DTH: Can you elaborate on the multiple styles of puppetry?
DZ: So masks, giant puppets, stilt walking, marionettes, rod puppets, shadow puppets, moving painted flats and pretty much anything else we can think of to move around, bring to life, I guess, is what we do. We don’t really like to limit ourselves, but we tend towards papier-mâché and cardboard masks and heads and giant things, but we use fabric in different ways. You can sort of bring anything to life if you approach it in the right way.
DTH: What exactly makes your program unique?
DZ: I think all of the things that I just said pretty much makes it unique for this area, but it doesn’t necessarily make it unique in the world. There’s a rich tradition of puppetry and giant masks and things from all over the world, really. We just are sort of the ones seemingly holding that down in this area of the world. We get inspired by those groups, and at this point, we’ve been around long enough that lots of people are being inspired by us as well, just, you know, sharing different ideas and different ways of building things and different ways to approach solving different problems in the puppetry and storytelling world.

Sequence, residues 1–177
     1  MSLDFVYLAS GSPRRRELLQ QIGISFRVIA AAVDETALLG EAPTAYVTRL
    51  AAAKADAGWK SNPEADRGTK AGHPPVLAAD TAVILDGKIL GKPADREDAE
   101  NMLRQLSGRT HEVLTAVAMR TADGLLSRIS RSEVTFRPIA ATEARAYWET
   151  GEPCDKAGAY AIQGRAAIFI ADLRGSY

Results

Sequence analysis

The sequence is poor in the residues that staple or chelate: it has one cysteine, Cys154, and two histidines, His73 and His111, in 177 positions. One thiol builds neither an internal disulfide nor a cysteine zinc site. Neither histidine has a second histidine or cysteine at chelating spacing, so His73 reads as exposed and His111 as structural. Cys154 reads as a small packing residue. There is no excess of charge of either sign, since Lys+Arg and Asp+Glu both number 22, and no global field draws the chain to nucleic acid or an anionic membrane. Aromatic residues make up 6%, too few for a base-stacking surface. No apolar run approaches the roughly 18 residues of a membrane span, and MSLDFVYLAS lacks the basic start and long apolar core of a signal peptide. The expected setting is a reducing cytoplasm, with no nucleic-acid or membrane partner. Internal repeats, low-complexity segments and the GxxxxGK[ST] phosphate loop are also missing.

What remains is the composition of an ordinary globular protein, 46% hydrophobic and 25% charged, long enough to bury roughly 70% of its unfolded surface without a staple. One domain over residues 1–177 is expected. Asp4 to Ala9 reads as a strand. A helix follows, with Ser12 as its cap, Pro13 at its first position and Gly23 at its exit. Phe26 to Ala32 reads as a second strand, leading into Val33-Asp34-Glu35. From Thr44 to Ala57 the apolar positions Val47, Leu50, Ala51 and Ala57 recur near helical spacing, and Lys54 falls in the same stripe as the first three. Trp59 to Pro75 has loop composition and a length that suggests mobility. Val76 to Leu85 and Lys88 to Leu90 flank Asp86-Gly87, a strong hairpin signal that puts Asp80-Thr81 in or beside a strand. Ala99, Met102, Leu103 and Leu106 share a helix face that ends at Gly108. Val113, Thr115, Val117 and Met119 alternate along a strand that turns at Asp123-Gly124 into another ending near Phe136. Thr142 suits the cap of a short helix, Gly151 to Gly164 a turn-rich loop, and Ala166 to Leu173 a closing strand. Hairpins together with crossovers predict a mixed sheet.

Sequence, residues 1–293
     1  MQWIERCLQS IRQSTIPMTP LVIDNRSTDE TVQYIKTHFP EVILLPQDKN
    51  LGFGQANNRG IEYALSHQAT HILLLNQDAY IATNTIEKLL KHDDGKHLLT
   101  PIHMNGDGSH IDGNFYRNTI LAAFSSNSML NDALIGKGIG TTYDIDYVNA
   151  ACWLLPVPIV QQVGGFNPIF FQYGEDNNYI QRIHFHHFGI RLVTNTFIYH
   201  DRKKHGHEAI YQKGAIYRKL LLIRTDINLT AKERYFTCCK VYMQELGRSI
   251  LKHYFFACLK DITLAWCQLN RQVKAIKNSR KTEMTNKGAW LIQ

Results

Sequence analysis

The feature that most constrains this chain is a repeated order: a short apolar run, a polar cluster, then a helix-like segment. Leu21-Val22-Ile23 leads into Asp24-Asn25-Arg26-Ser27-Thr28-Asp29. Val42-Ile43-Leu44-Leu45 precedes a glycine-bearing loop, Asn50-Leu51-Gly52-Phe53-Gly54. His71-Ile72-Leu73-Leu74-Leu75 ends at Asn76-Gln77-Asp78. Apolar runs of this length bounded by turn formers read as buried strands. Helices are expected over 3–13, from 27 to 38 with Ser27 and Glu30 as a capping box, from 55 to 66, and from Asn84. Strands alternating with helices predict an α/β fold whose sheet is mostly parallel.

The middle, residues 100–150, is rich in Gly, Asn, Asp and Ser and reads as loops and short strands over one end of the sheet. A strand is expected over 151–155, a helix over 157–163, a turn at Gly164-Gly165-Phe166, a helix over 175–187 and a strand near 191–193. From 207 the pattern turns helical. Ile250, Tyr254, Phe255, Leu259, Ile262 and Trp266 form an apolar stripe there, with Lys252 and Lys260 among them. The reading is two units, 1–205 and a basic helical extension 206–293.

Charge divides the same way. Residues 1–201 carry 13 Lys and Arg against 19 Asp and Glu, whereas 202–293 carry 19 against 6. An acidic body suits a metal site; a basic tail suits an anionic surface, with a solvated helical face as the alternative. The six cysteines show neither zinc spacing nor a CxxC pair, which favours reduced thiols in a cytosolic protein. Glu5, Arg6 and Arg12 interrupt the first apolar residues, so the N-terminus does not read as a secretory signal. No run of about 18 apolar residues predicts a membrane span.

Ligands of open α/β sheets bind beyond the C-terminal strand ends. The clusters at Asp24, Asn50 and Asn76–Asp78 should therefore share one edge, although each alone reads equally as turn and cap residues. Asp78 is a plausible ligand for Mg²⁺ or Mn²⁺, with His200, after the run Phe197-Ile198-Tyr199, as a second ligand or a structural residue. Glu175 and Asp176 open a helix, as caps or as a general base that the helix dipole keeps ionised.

DTH: Why should people come to your show at the North Carolina Museum of Art?
DZ: Because it’s awesome. I mean, really, because it involves 30 puppeteers and seven musicians — there’s a live band, so the music alone is worth coming for. You just get filled with a visual and auditory spectacle, and there’s really something for everyone — big, flashy stuff, intimate moments, as well. It’s pageantry and it’s just sort of an extravaganza of visual and auditory delight, so it’s worth coming to for all of those reasons.
DTH: What is the play about and what are some highlights from the performance?
DZ: The show’s called “Of Wings and Feet,” so there’s quite a few birds and sort of these proto-humans that are trying to figure out what it means to fly and what wings symbolize. But there are also some giant turtles along the way that sort of draw them in a different direction. So there’s giant birds, there’s giant turtles, there’s a big circus as sort of a center act, and then there’s sort of a giant pageant — we call it “The Living Land” — which is a huge Mother Earth that’s like 60 feet wide and a giant sky-bird-god kind of a guy. So the circus is really fun, but the pageant is more sort of swirling and epic, and the bird and turtle part is more sort of fun, but also quite beautiful and very energetic. There’s a lot of great drumming and great dance that happens in the piece — dancing pigeons, dancing flamingos, it just goes on and on. There’s a lot of stuff in the show.